In my earlier reflection on this, I noted that “The most important “facts on the ground” were created by God. They are the men and women whom we might serve, to whom we might reach out, and whom we might invite into our midst.” I stand by this. With that in mind, I cannot simply discount the news that, in opposition to us, some would do harm to our Anglican siblings. I won’t go so far as to say their blood is on our hands; but neither can we ignore that they experience risk from association with us.
By the same token, I cannot discount the real risk to lesbian and gay persons in our midst, in these United States and elsewhere. I cannot discount the real harm done by some persons calling themselves Christians who speak at best dismissively of, and at worst inciting harm to, the lives lesbian and gay persons. We are criticized for seeing their inclusion in our life together as an expression in our generation of the prophets’ call for justice, and of Jesus’ call for service to “the least of these my siblings.” Even Archbishop Williams noted that “welcome” and not “inclusion” was the critical Gospel virtue. However, “welcome” exceeds “inclusion” as “acceptance” exceeds “tolerance.” We are less than welcoming unless and until we are ready to share with them the best of our life, as Abraham did with three strangers.
So, if we are to consider what sacrifice we might accept to demonstrate our generosity, I cannot see how we can sacrifice those most important “facts on the ground,” those Christian souls at risk. I cannot imagine sacrificing the lives either of our GLBT siblings or of our Anglican siblings in other places who are threatened because of our radical Gospel welcome. We Episcopalians are asked to sacrifice from our life together, not as individuals, but as a whole Church; and the response, the generous gift, has to be a sacrifice of the whole Church.
Therefore, I think we need to consider by our own choice how we might sacrifice our position in the Anglican Communion. I don’t mean by that simply declaring ourselves out of communion with Canterbury and walking away. I do mean, however, acknowledging that it is because of our full participation in the Anglican Communion that brothers and sisters are at risk, whether at home or abroad, and proposing some alteration in that relationship. Some have worried about discussions of a “two-tier” Communion, once again dating back to the Windsor Report. Many have worried that the Covenant process so dear to Archbishop Williams will have that result at best. At the same time, making an effort to describe such a “second-tier” status, and embracing it as an expression of our generosity, would seem to me a reasonable consideration.
What might that mean? Perhaps continued “observer” status with the Anglican Consultative Council; perhaps choosing to limit our participation in such bodies as the Covenant Drafting Group, or in ecumenical discussions. I’m honestly not sure what ultimately such a position might look like, but I think we can offer ways in which we might be visible and listening, without asserting rights or power.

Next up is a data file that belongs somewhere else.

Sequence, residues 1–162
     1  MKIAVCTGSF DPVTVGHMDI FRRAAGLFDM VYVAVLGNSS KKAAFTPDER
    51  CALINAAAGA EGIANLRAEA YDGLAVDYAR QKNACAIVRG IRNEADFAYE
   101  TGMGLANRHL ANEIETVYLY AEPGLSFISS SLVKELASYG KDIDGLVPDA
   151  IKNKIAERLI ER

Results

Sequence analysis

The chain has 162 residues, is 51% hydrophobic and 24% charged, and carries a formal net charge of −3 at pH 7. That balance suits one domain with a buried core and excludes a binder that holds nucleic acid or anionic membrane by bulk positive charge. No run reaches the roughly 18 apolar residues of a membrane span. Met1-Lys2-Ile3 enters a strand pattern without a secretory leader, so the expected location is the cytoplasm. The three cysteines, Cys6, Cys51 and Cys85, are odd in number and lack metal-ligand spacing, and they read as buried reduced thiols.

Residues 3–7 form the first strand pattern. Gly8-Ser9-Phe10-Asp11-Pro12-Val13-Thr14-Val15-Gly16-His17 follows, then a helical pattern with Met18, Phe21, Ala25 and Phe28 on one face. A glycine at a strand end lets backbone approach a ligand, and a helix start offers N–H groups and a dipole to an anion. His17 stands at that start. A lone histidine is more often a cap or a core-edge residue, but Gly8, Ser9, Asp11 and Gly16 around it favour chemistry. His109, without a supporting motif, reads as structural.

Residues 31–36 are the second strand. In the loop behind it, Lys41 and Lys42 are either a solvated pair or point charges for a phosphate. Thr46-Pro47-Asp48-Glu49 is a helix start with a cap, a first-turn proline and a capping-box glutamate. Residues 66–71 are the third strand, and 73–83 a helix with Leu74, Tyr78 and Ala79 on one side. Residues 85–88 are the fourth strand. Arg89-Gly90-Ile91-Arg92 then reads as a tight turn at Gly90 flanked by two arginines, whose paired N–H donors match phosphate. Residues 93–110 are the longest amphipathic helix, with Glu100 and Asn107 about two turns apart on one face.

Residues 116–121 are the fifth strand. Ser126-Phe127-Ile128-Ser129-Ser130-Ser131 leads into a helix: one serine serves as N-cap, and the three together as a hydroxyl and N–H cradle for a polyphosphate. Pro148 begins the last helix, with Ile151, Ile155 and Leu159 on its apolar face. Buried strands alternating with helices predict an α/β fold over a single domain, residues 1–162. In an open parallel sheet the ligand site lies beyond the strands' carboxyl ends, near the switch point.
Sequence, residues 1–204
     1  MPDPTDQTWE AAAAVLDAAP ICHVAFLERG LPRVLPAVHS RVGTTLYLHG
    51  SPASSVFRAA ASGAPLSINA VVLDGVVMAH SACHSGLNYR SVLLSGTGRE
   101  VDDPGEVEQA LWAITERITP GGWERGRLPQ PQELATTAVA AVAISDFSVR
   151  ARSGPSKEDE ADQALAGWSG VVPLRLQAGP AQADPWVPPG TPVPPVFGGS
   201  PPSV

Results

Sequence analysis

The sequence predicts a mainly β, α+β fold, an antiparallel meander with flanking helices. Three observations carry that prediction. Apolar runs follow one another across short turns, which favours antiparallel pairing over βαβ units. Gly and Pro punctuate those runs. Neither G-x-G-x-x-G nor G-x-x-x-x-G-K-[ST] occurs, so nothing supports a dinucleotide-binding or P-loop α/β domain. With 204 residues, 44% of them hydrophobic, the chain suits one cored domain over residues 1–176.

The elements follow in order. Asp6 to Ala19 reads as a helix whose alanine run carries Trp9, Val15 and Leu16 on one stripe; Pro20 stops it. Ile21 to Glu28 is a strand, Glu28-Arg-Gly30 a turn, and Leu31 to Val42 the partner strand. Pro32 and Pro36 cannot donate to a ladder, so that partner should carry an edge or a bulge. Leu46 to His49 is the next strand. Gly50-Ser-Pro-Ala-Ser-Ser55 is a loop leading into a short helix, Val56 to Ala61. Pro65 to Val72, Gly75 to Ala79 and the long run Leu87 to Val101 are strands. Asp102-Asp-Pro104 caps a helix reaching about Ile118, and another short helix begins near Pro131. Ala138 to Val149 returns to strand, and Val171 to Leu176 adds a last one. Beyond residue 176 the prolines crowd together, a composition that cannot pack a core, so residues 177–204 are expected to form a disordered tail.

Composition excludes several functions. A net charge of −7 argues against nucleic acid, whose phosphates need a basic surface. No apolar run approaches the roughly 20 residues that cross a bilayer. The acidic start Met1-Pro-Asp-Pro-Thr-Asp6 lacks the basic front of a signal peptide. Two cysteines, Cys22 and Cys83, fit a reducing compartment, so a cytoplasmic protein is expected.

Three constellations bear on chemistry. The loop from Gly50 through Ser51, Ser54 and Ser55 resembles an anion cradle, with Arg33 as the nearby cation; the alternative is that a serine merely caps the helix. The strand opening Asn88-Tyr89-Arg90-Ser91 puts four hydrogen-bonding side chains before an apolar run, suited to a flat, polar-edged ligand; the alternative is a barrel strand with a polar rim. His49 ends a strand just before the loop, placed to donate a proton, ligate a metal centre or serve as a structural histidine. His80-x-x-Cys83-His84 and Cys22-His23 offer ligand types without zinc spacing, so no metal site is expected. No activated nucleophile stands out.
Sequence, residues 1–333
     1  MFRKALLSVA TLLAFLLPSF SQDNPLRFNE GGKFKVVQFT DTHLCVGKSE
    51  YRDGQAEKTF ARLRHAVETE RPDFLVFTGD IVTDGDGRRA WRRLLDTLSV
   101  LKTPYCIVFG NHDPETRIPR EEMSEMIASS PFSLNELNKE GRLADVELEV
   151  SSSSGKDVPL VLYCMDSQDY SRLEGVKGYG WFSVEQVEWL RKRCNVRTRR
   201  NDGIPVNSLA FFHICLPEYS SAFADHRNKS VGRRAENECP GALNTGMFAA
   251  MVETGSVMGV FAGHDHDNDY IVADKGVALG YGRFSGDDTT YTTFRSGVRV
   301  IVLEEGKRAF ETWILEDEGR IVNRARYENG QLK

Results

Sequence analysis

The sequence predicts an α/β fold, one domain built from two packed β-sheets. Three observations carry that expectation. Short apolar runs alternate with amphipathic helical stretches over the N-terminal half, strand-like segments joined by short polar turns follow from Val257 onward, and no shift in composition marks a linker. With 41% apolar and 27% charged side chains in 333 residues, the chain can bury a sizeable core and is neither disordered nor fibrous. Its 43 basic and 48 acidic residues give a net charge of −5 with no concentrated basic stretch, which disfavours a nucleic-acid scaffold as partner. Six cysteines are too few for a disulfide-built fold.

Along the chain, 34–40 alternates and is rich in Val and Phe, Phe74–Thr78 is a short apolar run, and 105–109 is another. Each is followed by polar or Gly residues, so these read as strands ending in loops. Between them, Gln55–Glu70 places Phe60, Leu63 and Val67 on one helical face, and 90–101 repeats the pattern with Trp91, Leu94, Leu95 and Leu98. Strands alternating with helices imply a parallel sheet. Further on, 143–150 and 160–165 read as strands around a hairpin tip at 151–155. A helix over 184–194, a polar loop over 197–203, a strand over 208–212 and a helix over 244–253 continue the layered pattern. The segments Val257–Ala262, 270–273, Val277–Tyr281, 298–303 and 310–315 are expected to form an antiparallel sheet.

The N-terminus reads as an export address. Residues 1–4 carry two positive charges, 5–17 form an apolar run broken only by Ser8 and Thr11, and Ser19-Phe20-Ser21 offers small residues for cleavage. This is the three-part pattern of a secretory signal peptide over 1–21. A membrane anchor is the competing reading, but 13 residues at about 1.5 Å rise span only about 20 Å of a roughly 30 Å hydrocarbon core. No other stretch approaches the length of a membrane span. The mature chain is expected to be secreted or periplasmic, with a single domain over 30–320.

I think it would also be important to offer this out of our generosity, instead of as an expression of penance. However little attention some may have paid, we have expressed publicly and privately our sorrow that our decision, made in the best faith we had, has caused such division and even risk within the Communion. Moreover, I think those critics are right who say that we aren’t penitent of the decision itself. How shall we repent of a decision that so many of us consider rooted in the Gospel?
Last year several different voices, mine included, suggested that American bishops might choose not to attend this Lambeth Conference. That several different folks from several different places in these discussions each independently had this thought seemed to me to make it worth considering. One reason I made that suggestion was much like my reason for my suggestion today: “It would include our understanding that this was not rejection of the Communion, that we were choosing to ‘fast for a season,’ and not to ‘walk apart.’” Others might also think of this suggestion, for reasons of their own. If so, let’s talk about it.
I think we as the Episcopal Church can and should consider how indeed we might sacrifice to demonstrate our generosity (I’ll let Canadians consider whether this might or might not make sense for them.). That is certainly grounded in Scripture. I don’t quite know what that might look like. I do, however, believe strongly that whatever we might sacrifice, it can’t be the persons at risk, whether at home or abroad.
UPDATE, 8/14/08: Today at Preludium Mark Harris notes, among other things, that in her presentation last year to the House of Bishops on the work of the Covenant Design Group Professor Katherine Grieb proposed "a five-year period of fasting from full participation in the Anglican Communion to give us all time to think and to listen more carefully to one another." While I didn't have this particularly in mind, I do imagine I did read this then, and I'm happy to give credit (and thanks to Mark for the reminder). This was, of course, before Lambeth. I think the actual events and outcomes of Lambeth do make this worth considering again.